Undoubtedly, the eviction process of a tenant is one of the hardest situations that a landlord must face. The most important aspect is not letting emotions get the better of you and to follow the law very closely.
The eviction process begins when a rental agreement between a landlord and a tenant has ended but the tenant refuses to move out.
The agreement can end in three ways: the expiry of the contract (in case of a fixed-term contract), extraordinary termination (with good reason, such as debt) or ordinary cancellation (three months of advance notice). The application for terminating a rental agreement must be prepared in writing pursuant to the law and its delivery and receipt must be proven.
The landlord has made arrangements with the tenant to meet and transfer the dwelling on the date of the termination of the contract.
Lia Siht, the Head of Legal and Compliance of Rendin, urges home owners that an owner must not implement forceful measures, such as changing locks independently, if a tenant does not transfer the dwelling. "Instead, the owner should recourse to the Rental Committee or a court. In such instances, expedited procedure is not implemented. The owner should write a statement of claim and submit all evidence proving that the lease contract has been terminated in a lawful manner."
The court shall accept the application, thereby launching a proceeding that lasts at least six months (in the Rental Committee, starting from two months; the organisation only operates in Tallinn). The courts have relatively long deadlines for processing cases. Both parties are given time to reply and contest.
Once the court procedure comes to an end, you must wait for the judgement to take effect. Usually, this happens in about 1-1,5 months. The other party is entitled to contest the judgement. The usual deadline for submitting an appeal is 20–30 days.
"Once the judgement comes into effect, the owner can select a suitable bailiff based on the region. The owner of the dwelling must submit an application prepared in a free format to the bailiff (in writing with a signature through e-mail or in person at the bailiff’s office) who will handle the eviction. First, the lessee shall be given a deadline for vacating the dwelling," explains the expert.
On the day of the eviction, the bailiff shall personally go to the premises with a presumption that the tenant will open the door voluntarily. If the tenant is not present or does not open the door, then the police is allowed to help enter the dwelling, following which locks are changed. If the tenant has left personal belongings behind in the dwelling, then these are destroyed or sold.
Lia Siht adds that if the tenant has a child or children, social services should be included as needed. The objective here is to guarantee safety and a specific place to live. If the tenant has a place for the children (e.g. with a member of the family or a close relative), then involving the social services is not necessary.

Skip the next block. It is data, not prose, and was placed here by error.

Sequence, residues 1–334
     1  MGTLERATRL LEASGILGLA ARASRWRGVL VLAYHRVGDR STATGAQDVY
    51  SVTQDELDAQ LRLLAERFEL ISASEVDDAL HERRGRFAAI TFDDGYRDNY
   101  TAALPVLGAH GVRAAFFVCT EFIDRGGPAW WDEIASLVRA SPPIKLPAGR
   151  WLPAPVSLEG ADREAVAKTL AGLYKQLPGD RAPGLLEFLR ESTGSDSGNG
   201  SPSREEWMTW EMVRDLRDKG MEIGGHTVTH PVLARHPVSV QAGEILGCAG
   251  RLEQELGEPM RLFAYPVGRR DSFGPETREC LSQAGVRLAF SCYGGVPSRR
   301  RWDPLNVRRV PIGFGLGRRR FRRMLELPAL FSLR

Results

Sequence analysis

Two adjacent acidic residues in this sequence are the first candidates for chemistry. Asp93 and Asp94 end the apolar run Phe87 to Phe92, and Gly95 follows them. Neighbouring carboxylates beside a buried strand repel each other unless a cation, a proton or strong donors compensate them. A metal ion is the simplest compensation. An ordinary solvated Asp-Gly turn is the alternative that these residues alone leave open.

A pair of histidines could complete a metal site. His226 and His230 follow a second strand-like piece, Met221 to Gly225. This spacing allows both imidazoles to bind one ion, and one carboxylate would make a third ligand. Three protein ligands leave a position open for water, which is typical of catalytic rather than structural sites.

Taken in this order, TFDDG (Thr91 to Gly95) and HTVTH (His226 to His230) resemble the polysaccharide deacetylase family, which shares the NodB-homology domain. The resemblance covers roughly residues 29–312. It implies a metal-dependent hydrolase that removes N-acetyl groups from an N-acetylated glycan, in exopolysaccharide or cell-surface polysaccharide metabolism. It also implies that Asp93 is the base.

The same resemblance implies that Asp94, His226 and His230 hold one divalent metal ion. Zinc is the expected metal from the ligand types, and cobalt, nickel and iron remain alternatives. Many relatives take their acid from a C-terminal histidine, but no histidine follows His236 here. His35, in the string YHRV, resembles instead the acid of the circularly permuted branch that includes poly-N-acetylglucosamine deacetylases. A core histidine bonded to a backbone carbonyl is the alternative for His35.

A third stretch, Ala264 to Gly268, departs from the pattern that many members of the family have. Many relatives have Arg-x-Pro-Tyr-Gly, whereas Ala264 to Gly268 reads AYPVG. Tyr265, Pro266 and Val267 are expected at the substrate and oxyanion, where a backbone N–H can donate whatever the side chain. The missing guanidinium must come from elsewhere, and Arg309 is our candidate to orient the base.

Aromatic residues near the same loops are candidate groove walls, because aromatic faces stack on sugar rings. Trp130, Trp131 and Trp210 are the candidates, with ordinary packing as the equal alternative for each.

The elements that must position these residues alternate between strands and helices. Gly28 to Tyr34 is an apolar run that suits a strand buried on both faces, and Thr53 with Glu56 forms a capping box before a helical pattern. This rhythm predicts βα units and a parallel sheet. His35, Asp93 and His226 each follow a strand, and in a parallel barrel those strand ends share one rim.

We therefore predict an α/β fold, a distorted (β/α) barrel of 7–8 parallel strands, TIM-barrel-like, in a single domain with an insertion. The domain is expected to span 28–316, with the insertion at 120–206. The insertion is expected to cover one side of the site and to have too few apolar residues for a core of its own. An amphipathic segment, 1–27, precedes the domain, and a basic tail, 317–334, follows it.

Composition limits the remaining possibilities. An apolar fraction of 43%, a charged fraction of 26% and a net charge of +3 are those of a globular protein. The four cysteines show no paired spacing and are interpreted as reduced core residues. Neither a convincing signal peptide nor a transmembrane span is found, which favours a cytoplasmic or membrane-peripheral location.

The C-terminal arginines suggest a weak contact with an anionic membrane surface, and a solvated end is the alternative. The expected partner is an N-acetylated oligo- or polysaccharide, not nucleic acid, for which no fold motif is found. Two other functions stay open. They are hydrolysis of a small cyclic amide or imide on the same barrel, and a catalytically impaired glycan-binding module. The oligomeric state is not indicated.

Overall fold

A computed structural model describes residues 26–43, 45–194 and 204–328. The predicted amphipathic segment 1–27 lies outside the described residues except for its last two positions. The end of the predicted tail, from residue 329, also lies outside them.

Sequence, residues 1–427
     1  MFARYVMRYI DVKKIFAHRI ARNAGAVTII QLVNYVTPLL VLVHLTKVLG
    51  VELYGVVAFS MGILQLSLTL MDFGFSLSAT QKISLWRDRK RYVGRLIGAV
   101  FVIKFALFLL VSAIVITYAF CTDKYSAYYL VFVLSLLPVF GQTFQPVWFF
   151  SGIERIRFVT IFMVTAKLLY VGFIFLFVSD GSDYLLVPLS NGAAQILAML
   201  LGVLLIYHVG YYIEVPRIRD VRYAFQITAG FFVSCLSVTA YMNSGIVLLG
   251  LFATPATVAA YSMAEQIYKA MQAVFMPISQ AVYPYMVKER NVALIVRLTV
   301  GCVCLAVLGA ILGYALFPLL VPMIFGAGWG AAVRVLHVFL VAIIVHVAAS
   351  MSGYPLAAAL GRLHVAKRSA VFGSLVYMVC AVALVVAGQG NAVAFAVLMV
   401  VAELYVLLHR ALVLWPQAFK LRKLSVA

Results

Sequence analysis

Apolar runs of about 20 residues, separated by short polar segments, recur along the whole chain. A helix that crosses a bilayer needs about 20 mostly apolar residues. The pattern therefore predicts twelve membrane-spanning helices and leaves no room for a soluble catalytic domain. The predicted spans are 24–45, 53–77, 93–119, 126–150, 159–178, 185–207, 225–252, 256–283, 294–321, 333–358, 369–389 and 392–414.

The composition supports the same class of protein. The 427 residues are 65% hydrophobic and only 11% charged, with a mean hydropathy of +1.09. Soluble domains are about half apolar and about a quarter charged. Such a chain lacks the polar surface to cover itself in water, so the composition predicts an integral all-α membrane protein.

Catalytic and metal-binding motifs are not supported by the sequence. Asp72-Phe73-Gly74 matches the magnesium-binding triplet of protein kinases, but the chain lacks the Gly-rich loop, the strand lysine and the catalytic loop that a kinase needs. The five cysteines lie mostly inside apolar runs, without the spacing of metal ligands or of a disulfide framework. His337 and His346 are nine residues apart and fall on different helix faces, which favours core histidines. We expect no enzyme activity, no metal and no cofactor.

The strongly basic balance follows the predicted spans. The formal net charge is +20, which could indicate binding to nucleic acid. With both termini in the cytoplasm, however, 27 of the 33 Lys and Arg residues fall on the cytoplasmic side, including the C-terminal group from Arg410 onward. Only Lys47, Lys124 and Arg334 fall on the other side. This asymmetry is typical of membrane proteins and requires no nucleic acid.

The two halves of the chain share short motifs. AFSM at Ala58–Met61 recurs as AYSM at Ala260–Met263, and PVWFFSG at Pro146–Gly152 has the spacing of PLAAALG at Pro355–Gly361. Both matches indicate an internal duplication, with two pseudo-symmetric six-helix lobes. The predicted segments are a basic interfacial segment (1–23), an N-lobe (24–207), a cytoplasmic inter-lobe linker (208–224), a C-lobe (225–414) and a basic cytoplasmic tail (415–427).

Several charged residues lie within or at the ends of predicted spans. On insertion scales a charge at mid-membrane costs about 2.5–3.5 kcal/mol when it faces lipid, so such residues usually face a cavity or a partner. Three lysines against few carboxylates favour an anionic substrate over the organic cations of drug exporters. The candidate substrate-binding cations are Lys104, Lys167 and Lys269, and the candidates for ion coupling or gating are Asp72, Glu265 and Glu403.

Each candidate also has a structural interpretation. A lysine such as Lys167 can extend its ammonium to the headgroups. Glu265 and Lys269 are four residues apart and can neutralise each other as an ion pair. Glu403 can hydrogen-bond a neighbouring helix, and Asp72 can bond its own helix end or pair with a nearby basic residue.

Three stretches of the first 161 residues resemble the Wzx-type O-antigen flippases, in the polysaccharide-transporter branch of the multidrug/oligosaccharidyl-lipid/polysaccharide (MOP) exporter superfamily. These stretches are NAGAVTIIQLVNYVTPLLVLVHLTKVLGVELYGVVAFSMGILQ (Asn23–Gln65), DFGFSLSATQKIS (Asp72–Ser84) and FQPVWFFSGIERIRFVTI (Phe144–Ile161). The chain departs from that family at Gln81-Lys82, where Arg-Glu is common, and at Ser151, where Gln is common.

In most cases, these people have simply fallen on hard times and are not acting out of malicious intent. Something unexpected has happened in their lives – a situation which they cannot solve because they lack or have insufficient financial means. In this situation, it is possible to come to a mutual agreement. The main objective should be communication and avoiding conflict. For example, it is possible to find a temporary dwelling and a place for storing personal belongings. There are very few individuals who do not have a single family member or friend who could help them for a short period.
"Reaching an agreement might happen quite quickly. For example, when I compare my professional experience before taking up my position in Rendin, where a proceeding with a certain profile would last four months, then a similar situation in Rendin could be solved within a few weeks without involving bailiffs," says Siht.
"During my entire career, I have not observed one specific profile that would describe all lessees, in whose case eviction is considered," believes Siht. "The only common denominator is knowing the law, knowing how to delay solutions, making it possible for them to gain an upper hand when the opposing party, i.e. the owner of the dwelling, does not comply with the law (rental relations are regulated by the Law of Obligations Act) or makes hasty decisions."
Unfortunately, we can see that the number of cases involving eviction is growing over time. People are more aware of their rights, including the inviolability of homes. This principle is considered to trump the ones concerning assets.
The primary goal of a landlord should always be finding a compromise because this is the key to success. Mutual communication could lead to a solution that satisfies both the landlord and the tenant, making court involvement unnecessary.
The landlords could educate themselves a bit more about the relevant legislation, preparing documents, and the correct steps for the eviction process. For example, the police cannot be included at a random point in time at the owner's discretion. If the landlord does not have thorough information about the issue, then it would be wise to ask for professional help instead of acting independently.
An application for terminating the agreement must be prepared correctly!
A debt-claim and a claim for possession are different things. The first priority should be to evict the tenant from the dwelling. Submitting a debt-claim is a secondary task.